Why Milan would be right to axe stalwart at the end of the season

When Lucas Biglia joined Milan from Lazio in 2017, he was seen as an important part of our rebuild in terms of adding experience and leadership to a young group.

Capped countless times by Argentina and with well over 100 appearances in Italy to his name, it seemed like a sensible decision to bring in the midfield stalwart, despite already being around the 30 years of age mark.

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With a squad lacking what he offered, it was hoped that it would add balance to the side, but ultimately it hasn’t worked out as planned.

While Biglia has played a key role at times and has impressed in the heart of our midfield, it hasn’t been consistent enough and it has gradually become apparent, particularly this season, that he arguably doesn’t have a role to play for us moving forward.

From making 37 appearances in his first season with us in the 2017/18 campaign, he managed just 19 outings last year as injuries have also been an issue for the ageing midfielder while loanee Tiemoue Bakayoko kept him out of the side for long periods.

He’s made just seven appearances to date this season, and with Ismael Bennacer being added to the squad and showing how energy, mobility and more intensity and urgency can make an important impact in that department, the writing seems to be on the wall for Biglia.

As noted by MilanNews, it has been suggested that while Milan are looking to add another regista to the squad moving forward, they don’t intend on renewing Biglia’s contract, which is scheduled to expire at the end of this season.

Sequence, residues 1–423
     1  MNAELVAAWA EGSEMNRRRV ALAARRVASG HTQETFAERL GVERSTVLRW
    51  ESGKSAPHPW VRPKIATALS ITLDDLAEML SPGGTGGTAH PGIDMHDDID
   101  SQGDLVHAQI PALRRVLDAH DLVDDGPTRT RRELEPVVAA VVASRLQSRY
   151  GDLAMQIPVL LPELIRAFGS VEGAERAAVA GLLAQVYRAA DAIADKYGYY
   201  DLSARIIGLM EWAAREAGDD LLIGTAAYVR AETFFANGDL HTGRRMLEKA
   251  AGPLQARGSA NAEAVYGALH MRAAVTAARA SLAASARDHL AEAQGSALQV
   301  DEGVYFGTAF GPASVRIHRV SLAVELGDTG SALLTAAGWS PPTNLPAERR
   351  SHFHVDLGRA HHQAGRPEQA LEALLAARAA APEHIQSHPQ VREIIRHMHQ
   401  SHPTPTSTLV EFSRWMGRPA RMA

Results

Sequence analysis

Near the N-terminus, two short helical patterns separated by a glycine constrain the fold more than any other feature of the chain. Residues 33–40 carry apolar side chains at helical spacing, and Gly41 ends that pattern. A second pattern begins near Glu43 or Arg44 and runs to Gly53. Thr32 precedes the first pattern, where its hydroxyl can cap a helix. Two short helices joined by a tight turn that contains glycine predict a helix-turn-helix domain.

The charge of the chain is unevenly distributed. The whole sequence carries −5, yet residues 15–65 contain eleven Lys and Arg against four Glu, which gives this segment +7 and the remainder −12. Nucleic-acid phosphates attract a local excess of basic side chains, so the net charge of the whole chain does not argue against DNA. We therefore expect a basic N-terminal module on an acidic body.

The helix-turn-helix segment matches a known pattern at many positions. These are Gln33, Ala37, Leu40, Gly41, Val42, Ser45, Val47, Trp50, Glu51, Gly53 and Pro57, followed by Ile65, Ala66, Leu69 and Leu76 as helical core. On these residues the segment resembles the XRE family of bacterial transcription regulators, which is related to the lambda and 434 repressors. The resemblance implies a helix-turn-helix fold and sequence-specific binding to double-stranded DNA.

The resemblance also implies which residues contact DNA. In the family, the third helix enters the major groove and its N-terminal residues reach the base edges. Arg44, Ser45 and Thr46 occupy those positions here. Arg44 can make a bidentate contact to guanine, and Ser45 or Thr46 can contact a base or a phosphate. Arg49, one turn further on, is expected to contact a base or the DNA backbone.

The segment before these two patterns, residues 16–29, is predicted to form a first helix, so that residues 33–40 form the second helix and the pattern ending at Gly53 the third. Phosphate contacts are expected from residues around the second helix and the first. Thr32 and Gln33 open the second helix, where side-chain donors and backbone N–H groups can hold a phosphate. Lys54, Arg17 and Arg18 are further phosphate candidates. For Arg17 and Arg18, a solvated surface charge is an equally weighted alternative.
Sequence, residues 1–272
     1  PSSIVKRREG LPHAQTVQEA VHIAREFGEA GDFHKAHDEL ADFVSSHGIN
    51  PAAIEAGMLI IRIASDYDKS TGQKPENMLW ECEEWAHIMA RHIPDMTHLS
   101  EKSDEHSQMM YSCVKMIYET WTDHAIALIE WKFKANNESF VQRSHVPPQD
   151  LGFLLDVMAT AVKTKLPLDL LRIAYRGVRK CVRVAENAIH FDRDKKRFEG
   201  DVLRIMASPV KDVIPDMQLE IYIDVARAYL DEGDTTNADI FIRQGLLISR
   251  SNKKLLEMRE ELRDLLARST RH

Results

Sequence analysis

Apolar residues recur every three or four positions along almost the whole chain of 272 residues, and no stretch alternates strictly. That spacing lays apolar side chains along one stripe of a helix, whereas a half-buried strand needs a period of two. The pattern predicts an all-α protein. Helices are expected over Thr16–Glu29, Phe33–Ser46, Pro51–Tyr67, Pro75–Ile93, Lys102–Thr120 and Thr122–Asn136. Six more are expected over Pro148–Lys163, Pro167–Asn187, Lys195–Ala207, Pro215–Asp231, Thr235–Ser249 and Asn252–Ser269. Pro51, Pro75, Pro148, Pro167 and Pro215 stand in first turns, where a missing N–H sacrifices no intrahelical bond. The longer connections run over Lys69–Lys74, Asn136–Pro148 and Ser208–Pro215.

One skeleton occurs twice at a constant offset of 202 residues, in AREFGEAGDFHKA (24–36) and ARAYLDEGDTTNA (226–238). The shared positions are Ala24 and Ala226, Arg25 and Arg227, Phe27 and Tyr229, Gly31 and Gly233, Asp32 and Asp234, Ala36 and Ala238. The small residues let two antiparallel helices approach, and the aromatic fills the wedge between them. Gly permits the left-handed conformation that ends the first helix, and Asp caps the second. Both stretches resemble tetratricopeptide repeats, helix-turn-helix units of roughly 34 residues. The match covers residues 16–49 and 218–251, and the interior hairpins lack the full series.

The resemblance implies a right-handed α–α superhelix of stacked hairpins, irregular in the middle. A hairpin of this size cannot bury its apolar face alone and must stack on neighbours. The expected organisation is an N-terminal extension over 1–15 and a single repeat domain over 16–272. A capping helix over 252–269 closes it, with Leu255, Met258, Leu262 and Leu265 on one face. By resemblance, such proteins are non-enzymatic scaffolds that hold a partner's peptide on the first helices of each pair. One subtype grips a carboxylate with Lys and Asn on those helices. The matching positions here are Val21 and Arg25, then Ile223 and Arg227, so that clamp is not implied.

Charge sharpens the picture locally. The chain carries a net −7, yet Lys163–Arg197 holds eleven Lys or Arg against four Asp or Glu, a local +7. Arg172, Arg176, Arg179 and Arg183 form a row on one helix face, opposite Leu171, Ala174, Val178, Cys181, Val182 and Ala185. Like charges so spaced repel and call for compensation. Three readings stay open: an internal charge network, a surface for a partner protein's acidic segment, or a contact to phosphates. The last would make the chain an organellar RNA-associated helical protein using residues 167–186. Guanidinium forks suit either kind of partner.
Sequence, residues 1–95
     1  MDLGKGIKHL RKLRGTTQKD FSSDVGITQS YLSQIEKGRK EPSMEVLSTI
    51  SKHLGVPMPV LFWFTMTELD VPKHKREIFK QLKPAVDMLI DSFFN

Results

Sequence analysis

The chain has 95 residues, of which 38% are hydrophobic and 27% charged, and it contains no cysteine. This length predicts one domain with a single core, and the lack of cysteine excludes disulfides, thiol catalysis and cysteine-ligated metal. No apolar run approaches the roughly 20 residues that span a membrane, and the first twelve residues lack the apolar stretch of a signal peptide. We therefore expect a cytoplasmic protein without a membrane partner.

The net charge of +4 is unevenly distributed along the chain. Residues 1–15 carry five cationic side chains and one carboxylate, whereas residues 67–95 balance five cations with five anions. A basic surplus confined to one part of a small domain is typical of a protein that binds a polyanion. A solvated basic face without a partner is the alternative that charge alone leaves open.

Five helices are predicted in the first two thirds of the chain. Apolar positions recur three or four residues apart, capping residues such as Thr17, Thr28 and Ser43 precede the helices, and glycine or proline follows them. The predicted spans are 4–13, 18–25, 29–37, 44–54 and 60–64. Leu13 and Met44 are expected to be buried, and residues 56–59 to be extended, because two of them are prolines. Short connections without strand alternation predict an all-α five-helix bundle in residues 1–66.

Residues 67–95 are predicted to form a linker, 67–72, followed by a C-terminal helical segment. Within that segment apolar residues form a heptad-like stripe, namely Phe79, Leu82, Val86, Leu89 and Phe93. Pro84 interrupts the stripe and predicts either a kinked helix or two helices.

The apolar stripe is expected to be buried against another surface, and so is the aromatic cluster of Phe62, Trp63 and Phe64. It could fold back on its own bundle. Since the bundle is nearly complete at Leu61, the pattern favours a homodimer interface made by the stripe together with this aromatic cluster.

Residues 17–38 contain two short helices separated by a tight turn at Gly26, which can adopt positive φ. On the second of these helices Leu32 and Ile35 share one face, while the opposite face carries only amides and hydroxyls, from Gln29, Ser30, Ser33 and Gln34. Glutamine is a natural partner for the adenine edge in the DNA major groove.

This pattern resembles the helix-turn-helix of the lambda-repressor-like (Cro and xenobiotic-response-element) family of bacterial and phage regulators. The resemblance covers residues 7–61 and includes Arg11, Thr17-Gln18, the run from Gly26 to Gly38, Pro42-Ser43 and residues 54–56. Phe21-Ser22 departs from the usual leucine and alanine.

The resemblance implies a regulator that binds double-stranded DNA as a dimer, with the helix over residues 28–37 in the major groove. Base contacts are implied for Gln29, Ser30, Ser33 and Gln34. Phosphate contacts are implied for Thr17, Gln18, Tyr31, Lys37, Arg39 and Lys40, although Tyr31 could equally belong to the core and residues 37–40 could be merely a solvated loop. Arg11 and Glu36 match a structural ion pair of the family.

While it will be important to replace him, perhaps with another experienced figure to offer competition in that holding midfield role and an alternative to Bennacer if he is to be shifted into a more advanced role in the midfield trio, Biglia has perhaps now run his course at Milan.

Admittedly, his reading of the game and defensive coverage in front of the backline has its benefits, and he can certainly still play a tidy role in terms of his distribution.

However, whether it’s his fading physicality, mobility or worrying habit of seeing the game bypass him both defensively and offensively as he seemingly is often seen lost in games trotting around the pitch, particularly towards the latter stages, there is surely a strong argument in favour of moving on from him.

Time will tell if Milan do indeed officially allow him to leave on a free transfer next summer, or perhaps if we’re fortunate enough an interested party may try to prise him away in January for a cut-price deal.

Either way, Biglia may well be on his way out of Milan in 2020, and it surely has to be seen as the right decision for all concerned if it materialises.